Leveraging shared learning through Massively Multilingual Models, state-of-the-art Machine translation (MT) models are often able to adapt to the paucity of data for low-resource languages. However, this performance comes at the cost of significantly bloated models which aren’t practically deployable. Knowledge Distillation is one popular technique to develop competitive lightweight models: In this work, we first evaluate its use in compressing MT models, focusing specifically on languages with extremely limited training data. Through our analysis across 8 languages, we find that the variance in the performance of the distilled models due to their dependence on priors including the amount of synthetic data used for distillation, the student architecture, training hyper-parameters and confidence of the teacher models, makes distillation a brittle compression mechanism. To mitigate this, we further explore the use of post-training quantization for the compression of these models. Here, we find that while Distillation provides gains across some low-resource languages, Quantization provides more consistent performance trends for the entire range of languages, especially the lowest-resource languages in our target set.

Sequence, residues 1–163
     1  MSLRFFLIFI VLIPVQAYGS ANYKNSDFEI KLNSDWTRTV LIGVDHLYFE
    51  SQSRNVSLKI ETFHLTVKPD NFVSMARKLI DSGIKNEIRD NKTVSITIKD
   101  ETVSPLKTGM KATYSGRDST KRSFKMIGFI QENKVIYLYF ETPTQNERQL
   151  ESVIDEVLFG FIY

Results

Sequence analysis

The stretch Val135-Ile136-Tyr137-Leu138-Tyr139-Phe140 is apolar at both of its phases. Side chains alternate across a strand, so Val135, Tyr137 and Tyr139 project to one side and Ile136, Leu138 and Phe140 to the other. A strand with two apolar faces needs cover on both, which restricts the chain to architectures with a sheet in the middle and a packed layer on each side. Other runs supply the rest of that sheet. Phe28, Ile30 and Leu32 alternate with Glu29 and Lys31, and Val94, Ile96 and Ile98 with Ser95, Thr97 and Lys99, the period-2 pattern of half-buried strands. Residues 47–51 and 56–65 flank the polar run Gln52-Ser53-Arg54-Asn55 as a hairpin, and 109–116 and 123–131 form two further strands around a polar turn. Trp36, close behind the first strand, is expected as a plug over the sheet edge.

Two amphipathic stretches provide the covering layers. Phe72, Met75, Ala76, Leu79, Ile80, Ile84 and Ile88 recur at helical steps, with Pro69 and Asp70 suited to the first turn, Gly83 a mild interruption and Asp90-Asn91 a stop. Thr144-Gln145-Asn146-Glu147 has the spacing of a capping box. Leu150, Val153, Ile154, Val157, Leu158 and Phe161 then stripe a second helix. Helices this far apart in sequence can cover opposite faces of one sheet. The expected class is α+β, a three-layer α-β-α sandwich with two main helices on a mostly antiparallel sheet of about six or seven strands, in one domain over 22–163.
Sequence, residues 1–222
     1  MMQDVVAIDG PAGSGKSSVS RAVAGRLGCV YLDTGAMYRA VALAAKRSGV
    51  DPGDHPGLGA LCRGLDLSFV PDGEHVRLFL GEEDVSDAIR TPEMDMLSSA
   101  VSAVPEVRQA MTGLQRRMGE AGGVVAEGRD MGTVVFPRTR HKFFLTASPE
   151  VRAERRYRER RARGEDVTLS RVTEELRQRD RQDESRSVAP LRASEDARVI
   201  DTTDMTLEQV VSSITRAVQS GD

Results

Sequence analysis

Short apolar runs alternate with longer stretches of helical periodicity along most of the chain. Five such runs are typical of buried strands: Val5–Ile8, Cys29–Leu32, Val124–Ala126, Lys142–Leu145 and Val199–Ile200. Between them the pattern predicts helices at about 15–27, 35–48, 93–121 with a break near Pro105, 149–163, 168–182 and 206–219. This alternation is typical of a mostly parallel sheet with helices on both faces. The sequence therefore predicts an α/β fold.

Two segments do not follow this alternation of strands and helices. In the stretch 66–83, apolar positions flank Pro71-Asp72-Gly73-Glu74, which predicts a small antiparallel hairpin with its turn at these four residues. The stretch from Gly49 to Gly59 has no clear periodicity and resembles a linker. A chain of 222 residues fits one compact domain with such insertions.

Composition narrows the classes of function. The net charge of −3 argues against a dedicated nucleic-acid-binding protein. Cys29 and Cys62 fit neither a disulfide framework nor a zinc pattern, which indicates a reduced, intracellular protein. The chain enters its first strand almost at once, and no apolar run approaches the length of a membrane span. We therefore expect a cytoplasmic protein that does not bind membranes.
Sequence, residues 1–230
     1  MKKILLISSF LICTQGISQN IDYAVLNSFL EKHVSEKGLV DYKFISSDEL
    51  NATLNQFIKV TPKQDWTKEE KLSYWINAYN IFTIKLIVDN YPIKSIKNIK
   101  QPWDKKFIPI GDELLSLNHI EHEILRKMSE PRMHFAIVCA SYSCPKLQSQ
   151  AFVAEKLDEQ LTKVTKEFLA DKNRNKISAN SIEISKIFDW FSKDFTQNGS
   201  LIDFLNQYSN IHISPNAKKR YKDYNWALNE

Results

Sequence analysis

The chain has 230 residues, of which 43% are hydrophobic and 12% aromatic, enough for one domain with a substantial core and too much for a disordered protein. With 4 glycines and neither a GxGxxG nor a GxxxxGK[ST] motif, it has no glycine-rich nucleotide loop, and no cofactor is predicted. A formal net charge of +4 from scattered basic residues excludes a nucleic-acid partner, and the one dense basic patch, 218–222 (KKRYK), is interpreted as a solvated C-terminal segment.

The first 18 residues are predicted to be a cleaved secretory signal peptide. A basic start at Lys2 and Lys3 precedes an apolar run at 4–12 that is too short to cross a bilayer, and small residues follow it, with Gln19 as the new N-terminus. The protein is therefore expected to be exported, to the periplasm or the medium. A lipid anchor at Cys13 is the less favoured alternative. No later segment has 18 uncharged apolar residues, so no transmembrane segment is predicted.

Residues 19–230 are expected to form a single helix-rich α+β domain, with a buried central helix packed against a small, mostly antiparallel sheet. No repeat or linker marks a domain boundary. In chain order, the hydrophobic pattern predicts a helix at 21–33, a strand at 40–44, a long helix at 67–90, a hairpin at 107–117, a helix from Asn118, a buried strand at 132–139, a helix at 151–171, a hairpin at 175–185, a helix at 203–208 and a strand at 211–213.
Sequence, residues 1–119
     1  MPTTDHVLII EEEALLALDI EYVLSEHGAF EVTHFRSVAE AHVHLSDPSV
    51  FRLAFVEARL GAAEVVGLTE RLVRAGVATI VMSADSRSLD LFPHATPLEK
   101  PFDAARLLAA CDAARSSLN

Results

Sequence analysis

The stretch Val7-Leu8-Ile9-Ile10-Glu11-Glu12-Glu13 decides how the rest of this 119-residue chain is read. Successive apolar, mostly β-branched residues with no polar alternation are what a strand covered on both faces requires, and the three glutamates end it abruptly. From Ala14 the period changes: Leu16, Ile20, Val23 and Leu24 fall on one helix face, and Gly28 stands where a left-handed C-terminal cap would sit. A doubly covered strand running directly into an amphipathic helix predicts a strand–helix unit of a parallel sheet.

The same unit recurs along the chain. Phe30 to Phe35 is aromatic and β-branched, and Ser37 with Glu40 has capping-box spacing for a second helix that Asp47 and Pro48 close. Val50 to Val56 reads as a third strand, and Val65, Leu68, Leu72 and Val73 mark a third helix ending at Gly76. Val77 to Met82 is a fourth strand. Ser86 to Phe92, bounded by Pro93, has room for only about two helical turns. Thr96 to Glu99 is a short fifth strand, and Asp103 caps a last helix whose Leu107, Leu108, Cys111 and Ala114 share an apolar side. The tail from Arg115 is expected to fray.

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Samanantar: The Largest Publicly Available Parallel Corpora Collection for 11 Indic Languages
Gowtham Ramesh | Sumanth Doddapaneni | Aravinth Bheemaraj | Mayank Jobanputra | Raghavan AK | Ajitesh Sharma | Sujit Sahoo | Harshita Diddee | Mahalakshmi J | Divyanshu Kakwani | Navneet Kumar | Aswin Pradeep | Srihari Nagaraj | Kumar Deepak | Vivek Raghavan | Anoop Kunchukuttan | Pratyush Kumar | Mitesh Shantadevi Khapra
Transactions of the Association for Computational Linguistics, Volume 10